We have been reading with interest today’s news that the government might be seeking to abolish civil partnerships altogether in order to ensure that opposite-sex couples, who cannot presently enter into a civil partnership, are not discriminated against when compared with same-sex couples, who can enter into civil partnerships. This follows a challenge by an opposite-sex couple to the current civil partnership rules which is before the Supreme Court this week.
History, it seems, tends to repeat itself. Back in the 1990s, while it was possible for certain opposite-sex partners of British nationals to obtain leave to remain based upon their unmarried relationship, it was not possible for same-sex partners to do so. Wesley Gryk, our senior partner, assisted a gay couple to challenge this discriminatory situation in a case before the then Immigration Appeal Tribunal (nowadays the Upper Tribunal (Immigration and Asylum Chamber)) called Lizarzaburu v Secretary of State for the Home Department 19 April 1994 (unreported). The Tribunal urged the Home Office to extend the unmarried partners concession to same-sex relationships.
In its wisdom, on 22 February 1996, the Home Office decided to withdraw the unmarried partners concession altogether, thereby maintaining “equality” by preventing both gay and straight couples from benefiting from the provision. Everyone was equally shut out from this route until the following year when the concession was restored following tireless campaigning by the Stonewall Immigration Group (now the UK Lesbian and Gay Immigration Group).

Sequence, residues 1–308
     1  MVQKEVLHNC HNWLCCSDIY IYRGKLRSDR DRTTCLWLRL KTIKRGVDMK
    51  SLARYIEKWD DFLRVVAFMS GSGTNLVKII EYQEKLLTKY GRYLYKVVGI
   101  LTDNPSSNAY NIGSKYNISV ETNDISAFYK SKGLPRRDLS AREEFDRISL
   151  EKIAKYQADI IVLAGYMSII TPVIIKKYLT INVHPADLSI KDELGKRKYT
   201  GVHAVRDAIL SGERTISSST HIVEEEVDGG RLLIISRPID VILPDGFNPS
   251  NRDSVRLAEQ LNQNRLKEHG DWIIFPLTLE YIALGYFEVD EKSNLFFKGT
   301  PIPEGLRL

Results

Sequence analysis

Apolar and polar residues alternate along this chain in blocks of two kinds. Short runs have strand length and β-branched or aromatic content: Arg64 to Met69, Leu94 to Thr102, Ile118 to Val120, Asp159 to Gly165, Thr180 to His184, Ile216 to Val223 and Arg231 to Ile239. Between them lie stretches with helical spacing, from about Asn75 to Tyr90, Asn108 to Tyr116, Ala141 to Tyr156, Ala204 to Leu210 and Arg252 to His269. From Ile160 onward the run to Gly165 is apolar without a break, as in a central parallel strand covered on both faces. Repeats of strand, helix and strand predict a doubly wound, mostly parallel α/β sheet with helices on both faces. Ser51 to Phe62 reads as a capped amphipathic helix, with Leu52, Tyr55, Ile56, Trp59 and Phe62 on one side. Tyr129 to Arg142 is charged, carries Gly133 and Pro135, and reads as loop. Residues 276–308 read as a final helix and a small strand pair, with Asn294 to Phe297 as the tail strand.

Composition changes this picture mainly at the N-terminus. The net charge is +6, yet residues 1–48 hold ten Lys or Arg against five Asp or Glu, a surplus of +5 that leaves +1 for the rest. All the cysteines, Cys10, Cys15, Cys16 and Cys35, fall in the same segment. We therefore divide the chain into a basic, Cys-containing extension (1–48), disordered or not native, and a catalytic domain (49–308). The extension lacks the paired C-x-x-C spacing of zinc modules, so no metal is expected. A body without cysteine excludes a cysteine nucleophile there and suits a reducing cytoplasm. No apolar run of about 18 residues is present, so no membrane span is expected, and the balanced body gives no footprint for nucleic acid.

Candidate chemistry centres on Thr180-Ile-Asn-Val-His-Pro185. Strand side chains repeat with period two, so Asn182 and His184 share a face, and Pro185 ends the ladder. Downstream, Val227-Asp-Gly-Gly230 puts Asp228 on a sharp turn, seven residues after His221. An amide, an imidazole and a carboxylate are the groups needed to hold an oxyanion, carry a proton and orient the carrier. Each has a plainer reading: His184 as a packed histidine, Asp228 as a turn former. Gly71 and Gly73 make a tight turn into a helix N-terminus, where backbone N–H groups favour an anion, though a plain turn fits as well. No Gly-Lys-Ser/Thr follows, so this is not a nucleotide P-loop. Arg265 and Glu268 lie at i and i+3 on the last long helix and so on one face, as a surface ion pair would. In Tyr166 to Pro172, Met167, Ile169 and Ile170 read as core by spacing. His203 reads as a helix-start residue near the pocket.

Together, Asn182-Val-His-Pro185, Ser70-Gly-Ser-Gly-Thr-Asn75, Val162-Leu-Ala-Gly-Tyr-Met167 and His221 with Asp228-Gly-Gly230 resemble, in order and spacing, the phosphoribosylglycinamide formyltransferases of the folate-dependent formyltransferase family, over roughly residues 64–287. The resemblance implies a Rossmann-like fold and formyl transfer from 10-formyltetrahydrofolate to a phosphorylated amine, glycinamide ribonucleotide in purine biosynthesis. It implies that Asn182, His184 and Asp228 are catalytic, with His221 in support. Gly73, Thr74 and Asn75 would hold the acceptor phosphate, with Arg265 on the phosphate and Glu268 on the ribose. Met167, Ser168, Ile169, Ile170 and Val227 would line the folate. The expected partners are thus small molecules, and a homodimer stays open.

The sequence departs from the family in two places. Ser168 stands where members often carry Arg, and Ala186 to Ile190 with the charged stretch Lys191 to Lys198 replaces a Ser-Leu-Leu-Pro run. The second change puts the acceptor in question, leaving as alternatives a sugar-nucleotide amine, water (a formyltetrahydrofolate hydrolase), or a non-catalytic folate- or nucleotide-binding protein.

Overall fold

Wesley is writing a detailed account of the history of the battle for equality in immigration law during the 1990s to be published later this month which in fact is the 25th anniversary of the first meeting of the Stonewall Immigration Group. For now, though, we think that the most important lesson the government should take from this “mirror image” situation of that prevailing in the 1990s is that the best way to promote equality is not to restrict the choices we have in life but rather to extend them as widely as possible. The only hint of progress one can perhaps deduce from the present situation is that, this time around, gay men, lesbians and bisexual people find themselves with more rights than their straight counterparts, which rights are now under threat, a situation which would have been unthinkable 25 years ago.